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Alaska Fish & Wildlife News
May 2008

ASK A WILDLIFE BIOLOGIST
Do Bears Really Eat Honey

By Elizabeth Manning
caption follows
Bears will eat honey if they can, but grizzly and black bears eat mostly vegetation, insects, berries, and meat - especially salmon, scavenged winter killed animals and young moose, caribou and deer.

Have you ever wondered what bears do when they hibernate, how wood frogs freeze solid or how far caribou migrate? Email your questions concerning wildlife to ADF&G educator Elizabeth Manning (elizabeth.manning@alaska.gov) and she will try to find an answer from an expert. Each month, Alaska Fish and Wildlife News will highlight one of the inquiries. Here is this month’s question, and answer:

Response from Elizabeth Manning, Wildlife Education and Outreach Specialist, Alaska Department of Fish and Game

Question from Ms. Kurtz’s Fourth Grade Class, Airport Heights Elementary, Anchorage

Q: Do bears eat honey?

A: Yes. Bears do love honey and are attracted to beehives. But unlike in Winnie the Pooh, the bears eat more than just honey. They will also consume the bees and larvae inside the beehive, which are a good source of protein. Both brown and black bears will raid beehives.

There are no native bees in Alaska that gather in hives and produce honey – our native bees are more solitary in nature, according to insect expert Fred Sorensen of the Cooperative Extension Service – but beekeepers in the state do import European honeybees for making honey. Occasionally, swarms of bees including the queen will abandon beekeeping operations if conditions become too crowded. Those swarms of bees can produce honey in the wild, but cannot survive Alaska’s cold winter out in the elements, Sorensen said.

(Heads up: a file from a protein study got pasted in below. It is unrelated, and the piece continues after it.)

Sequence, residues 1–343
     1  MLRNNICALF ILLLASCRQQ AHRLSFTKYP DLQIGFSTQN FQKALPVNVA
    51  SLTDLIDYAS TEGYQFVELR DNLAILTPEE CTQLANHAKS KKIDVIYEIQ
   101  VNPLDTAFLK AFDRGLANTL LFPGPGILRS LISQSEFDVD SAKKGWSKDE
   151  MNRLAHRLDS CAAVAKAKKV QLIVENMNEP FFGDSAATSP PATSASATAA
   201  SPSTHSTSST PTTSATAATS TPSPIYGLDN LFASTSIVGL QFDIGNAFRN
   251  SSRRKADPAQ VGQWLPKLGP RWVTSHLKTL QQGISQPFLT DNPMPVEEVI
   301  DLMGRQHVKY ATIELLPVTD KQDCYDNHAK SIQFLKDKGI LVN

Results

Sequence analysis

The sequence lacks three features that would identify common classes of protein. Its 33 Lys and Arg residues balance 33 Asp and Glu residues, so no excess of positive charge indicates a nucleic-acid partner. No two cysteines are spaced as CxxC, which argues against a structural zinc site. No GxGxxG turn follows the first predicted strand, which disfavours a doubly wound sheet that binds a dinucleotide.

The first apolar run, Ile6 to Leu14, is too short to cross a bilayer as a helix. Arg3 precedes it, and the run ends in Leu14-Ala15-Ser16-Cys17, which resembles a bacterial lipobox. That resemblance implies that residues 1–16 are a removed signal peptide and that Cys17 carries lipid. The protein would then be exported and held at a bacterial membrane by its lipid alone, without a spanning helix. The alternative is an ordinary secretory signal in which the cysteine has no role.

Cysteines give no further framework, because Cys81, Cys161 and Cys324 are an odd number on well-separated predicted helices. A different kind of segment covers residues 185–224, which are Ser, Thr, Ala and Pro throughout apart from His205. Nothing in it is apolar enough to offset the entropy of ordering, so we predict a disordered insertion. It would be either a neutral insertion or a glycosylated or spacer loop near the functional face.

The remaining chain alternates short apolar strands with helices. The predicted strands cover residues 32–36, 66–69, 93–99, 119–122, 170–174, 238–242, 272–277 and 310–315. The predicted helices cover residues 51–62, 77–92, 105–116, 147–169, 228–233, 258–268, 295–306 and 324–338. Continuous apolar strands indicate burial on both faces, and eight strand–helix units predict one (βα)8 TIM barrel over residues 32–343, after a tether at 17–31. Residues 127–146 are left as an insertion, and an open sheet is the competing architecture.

Wildlife managers recommend that beekeepers use electric fences to keep bears out of their beehives, though some bears will go right through electric fences and endure the shock once they get a taste of honey. Several strand fences work better than one strand. It also helps if beekeeping operations are placed in open areas, away from the cover of forests or bear travel routes. Another recommendation is to not put out beehives in spring, when bears are hungry after hibernation and food is limited.

Dick Allen, a local Anchorage beekeeper, has had a brown bear tip over one of his hives and dragged off some of the frames, and he has even heard one report of a beaver carrying away a frame from a hive.

Unlike Winnie the Pooh, real bears don’t only eat honey. Polar bears eat mostly fat and meat, including seals and other marine mammals. Grizzly and black bears eat mostly vegetation, insects, berries, and meat, especially salmon and young moose, caribou and deer.

Elizabeth Manning is a nature writer and an educator with the Alaska Department of Fish and Game.


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